MCLAFan.com is proud to introduce Growing The Program, a summer content series presented by Maverik Lacrosse.
As we all know, the MCLA is growing and gaining more and more exposure each year. To help fuel the momentum, MCLAFan.com is conducting interviews with each and every coach in the MCLA about growing their program. We hope to create a valuable resource for current MCLA teams, new programs and potential recruits. We’re proud to have Maverik Lacrosse and Bigfoot Lacrosse on board to support this movement.
Next we head to the Gateway to the West: St. Louis, Missouri, to speak with coach Andy Joly about the Missouri Baptist University lax program.
MCLA Fan: What are your goals for program growth this off-season? What are you doing to reach them?
Coach Andy Joly: Every player at MBU receives individual evaluations after fall ball and after the spring season. These point out strengths that have emerged and how to fine tune them and also weaknesses and how to correct them during the off season. Each player is required to be involved in some sort of summer ball be that summer league or a mens club team. As far as team goals go we have one continuous goal to make Nationals every year and continue to climb the National polls higher and higher. This past season we cracked the top 23/25 poll for the first time and peaked at #20, we all got a taste of it and we really want to get even higher in 2011. We lost to rivals MO State in the GRLC Championship so naturally the biggest thing on our mine is winning our first GRLC Championship.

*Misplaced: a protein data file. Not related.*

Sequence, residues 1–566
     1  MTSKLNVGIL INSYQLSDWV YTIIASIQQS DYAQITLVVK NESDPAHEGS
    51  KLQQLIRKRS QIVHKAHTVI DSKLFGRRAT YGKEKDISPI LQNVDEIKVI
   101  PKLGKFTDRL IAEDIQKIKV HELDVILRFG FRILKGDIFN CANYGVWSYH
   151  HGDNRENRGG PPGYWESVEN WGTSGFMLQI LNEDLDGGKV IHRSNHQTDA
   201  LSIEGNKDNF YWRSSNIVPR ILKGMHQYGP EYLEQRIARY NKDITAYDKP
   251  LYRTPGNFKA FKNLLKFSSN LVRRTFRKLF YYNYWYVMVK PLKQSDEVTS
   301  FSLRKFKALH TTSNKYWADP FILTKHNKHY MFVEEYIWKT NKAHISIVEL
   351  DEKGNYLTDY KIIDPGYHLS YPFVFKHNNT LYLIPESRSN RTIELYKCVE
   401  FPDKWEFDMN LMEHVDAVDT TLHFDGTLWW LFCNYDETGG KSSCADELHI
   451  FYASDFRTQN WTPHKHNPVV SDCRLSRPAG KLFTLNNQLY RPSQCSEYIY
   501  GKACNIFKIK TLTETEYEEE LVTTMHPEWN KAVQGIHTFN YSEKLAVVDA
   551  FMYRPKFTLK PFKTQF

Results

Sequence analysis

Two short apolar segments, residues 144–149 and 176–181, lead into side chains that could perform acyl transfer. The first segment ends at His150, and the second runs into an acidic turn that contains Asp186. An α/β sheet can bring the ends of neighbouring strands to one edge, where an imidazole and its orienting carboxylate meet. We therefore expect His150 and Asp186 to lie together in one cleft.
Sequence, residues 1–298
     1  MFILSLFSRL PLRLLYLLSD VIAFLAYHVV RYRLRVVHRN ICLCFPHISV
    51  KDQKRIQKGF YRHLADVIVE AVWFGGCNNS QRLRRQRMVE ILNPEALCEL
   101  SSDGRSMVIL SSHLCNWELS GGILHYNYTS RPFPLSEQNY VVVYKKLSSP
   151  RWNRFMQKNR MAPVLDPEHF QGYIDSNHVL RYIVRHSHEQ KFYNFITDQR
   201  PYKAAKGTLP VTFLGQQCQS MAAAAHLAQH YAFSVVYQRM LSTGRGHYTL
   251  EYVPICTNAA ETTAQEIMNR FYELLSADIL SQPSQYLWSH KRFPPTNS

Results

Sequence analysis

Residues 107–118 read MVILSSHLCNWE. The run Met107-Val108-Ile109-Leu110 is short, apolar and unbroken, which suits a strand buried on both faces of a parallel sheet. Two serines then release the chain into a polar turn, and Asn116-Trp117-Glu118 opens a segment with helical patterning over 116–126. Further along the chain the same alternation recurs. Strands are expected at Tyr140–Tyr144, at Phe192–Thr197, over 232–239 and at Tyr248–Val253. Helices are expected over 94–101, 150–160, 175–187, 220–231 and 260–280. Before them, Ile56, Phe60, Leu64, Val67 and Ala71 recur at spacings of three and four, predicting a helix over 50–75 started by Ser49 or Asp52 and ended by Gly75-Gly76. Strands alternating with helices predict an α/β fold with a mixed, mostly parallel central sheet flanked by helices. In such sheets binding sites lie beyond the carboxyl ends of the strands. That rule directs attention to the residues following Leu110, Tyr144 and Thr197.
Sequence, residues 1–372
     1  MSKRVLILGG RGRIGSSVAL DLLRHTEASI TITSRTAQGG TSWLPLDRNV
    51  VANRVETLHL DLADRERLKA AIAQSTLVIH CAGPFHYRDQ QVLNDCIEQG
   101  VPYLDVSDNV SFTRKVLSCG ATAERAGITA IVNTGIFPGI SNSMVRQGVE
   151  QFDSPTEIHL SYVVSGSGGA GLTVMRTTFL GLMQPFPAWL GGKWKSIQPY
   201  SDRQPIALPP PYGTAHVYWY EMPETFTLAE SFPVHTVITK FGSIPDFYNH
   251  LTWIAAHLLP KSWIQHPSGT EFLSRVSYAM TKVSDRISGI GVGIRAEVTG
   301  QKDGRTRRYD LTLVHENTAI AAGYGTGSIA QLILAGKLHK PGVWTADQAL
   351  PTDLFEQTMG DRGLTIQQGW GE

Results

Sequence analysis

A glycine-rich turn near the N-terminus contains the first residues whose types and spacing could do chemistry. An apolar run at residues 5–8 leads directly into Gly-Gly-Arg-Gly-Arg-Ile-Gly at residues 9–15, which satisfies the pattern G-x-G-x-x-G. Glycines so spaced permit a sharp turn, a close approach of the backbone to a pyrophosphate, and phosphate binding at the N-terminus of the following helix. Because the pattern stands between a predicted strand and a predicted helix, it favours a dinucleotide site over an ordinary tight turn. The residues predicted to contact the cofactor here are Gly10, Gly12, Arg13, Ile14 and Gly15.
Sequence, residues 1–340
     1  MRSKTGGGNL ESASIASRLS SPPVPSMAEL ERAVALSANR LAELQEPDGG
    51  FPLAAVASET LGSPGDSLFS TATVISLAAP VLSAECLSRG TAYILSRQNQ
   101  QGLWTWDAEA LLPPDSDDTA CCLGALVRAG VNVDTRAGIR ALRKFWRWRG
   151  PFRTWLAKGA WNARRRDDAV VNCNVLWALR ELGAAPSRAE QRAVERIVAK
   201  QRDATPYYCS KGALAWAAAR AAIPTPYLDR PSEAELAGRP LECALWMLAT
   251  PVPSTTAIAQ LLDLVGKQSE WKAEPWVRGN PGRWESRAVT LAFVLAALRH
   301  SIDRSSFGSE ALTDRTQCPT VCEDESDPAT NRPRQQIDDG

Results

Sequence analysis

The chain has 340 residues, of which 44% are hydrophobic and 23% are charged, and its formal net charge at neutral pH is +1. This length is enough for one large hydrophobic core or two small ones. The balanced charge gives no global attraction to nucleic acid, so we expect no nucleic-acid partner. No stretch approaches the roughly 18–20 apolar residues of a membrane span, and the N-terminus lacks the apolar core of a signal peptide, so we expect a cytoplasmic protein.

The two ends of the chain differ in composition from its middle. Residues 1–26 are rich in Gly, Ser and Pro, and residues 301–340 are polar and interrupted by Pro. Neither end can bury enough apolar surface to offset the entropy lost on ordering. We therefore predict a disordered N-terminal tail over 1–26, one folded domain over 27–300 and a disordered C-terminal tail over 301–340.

Where do you see your program in 5 years? How will it get there?
In 5 years I see this program being mentioned in the same breadth as Dayton, Davenport, St. Johns, St. Thomas, etc. And by saying that I mean MBU being a top 10 team every year and making it deep into the MCLA Championships… I see us getting to that level for various reasons: Committed full time Head Coach and coaching staff, the players that I’ve recruited and continue to recruit (not only because of their talent but more importantly the strong character each player brings to the team allowing the MBU “Play as Family” mentality to grow…playing as a family unit is of the utmost importance to me as a coach because when we do nobody beats us) also since I’ve started here the talent level of our recruiting classes continue to rise, I also see us getting there by continually playing the best teams the country has to offer DI and DII, now that we’ve cracked the national ranks we’re being invited to play the best teams.